Category Archives: Video Archive

Digitizing Balinese Lontars

With the help of the Internet Archive and Ron Jenkins, a theater professor at Wesleyan University, the Balinese are leading the world as the first culture to have their entire literature go online. The documents are centuries-old lontar palm leaves incised on both sides with a sharp knife and then blackened with soot. As of today 477 lontars have been scanned and uploaded to the Internet Archive.

The writings consist of ordinary texts to sacred documents on religion, holy formulas, rituals, family genealogies, law codes, treaties on medicine (usadha), arts and architecture, calendars, prose, poems and even magic. The estimated 50,000 lontars are kept by members of the Puri (palace) family and high priests to ordinary families. Some are carefully kept as family heritages while others are left in dirty and dusty corners of houses. Digitizing the lontars makes them available to scholars and students and salvages the documents from getting destroyed by insects or humidity, as many already have.

Very few Balinese have actually read any lontar due to language obstacles and the view that is it sacrilegious. Traditionally, the lontars are read and performed by priests. Forty-one of such performances have been uploaded to the Internet Archive.

Gatutkaca Pralaya Nyoman Catra

Visit the Balinese Digital Library at The Internet Archive:

Balinese Digital Library collection
Collection of Lontars
Collection of Videos

Read more about this project and Balinese lontars at The Jakarta Times:‘lontar’-manuscripts-go-digital.html

US scholar brings ancient Balinese scripts to digital age | Ni Komang Erviani, Denpasar

-Grace Neveu and Jake Johnson

Edited on May 9, 2011: “Very few Balinese have actually read any lontar due to language obstacles and the view that it is sacrilegious. Traditionally, the lontars are read and performed by priests. Forty-one of such performances have been uploaded to the Internet Archive.”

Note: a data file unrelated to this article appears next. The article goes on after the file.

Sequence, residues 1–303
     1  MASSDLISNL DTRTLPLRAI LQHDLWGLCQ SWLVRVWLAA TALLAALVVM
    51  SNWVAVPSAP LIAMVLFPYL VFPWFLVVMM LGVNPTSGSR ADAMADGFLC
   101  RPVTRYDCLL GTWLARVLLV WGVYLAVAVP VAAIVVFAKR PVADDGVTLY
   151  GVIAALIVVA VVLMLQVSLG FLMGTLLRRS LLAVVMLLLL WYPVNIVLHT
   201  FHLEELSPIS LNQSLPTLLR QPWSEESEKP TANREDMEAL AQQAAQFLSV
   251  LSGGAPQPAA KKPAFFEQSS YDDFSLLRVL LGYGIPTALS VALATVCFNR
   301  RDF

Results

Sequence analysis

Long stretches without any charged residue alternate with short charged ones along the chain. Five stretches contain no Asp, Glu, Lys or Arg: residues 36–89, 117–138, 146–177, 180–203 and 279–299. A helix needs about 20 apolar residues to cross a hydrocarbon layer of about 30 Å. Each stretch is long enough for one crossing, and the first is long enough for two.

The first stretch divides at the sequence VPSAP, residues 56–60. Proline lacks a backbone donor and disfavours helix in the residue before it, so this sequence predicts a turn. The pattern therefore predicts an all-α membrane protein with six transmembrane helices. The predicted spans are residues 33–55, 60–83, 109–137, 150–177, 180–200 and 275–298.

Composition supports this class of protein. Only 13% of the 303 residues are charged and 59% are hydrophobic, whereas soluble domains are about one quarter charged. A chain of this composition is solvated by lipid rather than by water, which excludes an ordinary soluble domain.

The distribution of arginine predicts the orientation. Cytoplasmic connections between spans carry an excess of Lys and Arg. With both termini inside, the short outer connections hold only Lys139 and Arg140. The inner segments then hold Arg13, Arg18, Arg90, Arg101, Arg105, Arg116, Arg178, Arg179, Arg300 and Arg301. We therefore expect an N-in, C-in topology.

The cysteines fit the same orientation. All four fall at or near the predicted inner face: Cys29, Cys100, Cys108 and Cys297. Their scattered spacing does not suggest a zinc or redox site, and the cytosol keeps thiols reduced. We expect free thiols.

The Real Mad Men

What do Susan Sarandon, Frosty the Sno-cone Machine, Chuck Norris, Florence Henderson and Elsie the Cow have in common? They are all in vintage television commercials in the new Adviews Collection at

Over 8,500 very cool, funny, weird and nostalgic old commercials of 240 different brands were digitized by Skip Elsheimer of AV Geeks at the request of the Duke University Library’s Digital Collection. These commercials were created or collected by the ad agency Benton & Bowles or its successor, D’Arcy Masius Benton & Bowles (DMB&B).

A big thank you to duke Will Sexton and Sean Aery from Duke University for this fantastic contribution. As a big fan of Mad Men and having grown up during this era it is a lot of fun to see these cultural relics.

Check it out.

-Jeff Kaplan

Jules Verne

A colleague here at Internet Archive suggested that I post on the birthday of the French author Jules Verne.  He wrote about space, air and underwater travel before practical means of those types of travel had been invented. He is referred to as one of the Fathers of Science Fiction.

We have quite a few of his works at in a variety of mediatypes.

Starting from inside the planet and working out:

Journey To The Center Of The Earth

A librivox recording of the book

A text version

20,000 Leagues Under The Seas

A Disney version is available for browserlending:

A 1916 silent movie:

An old time radio CBS Radio Adventure Theater broadcast:

A librivox audio recording:

Around The World In 80 Days

A librivox recording:

A Gutenberg Junior book text version:

and last but not least, wallpapers from the Jackie Chan Disney movie:

All Around The Moon

A Gutenberg Project text:

Other texts include The Works of Jules Verne:

And an audio recording of Master Of The World:

A number of his works can be found in French as well:

Enjoy the journeys.

-Jeff Kaplan

Martin Luther King Jr. Day

On this Martin Luther King Jr. Day I found a number of items of interest. I’ve included some descriptions written by the uploaders.

“I Have A Dream” speech from August 28, 1963
Often referred to as one of the greatest speeches in American history.

The March On Washington (1963):
Scenes from Civil Rights March in Washington, D.C., August 1963. People walking up sidewalk; gathering on Mall, standing, singing. Lincoln Memorial with crowds gathered around reflecting pool. People singing and clapping at speakers platform. Speakers, including Rev. Martin Luther King, Jr. Crowd swaying, singing, holding hands.

Integration Report I (1960):
A documentary showing sit-ins, marches, boycotts and rallies in 1959 and 1960. Includes such events as the first mass marches in Montgomery, Alabama, reactions against police brutality in Brooklyn and protests against the prejudiced treatment of Negroes in court.

Democracy Now! Monday, January 18, 2010: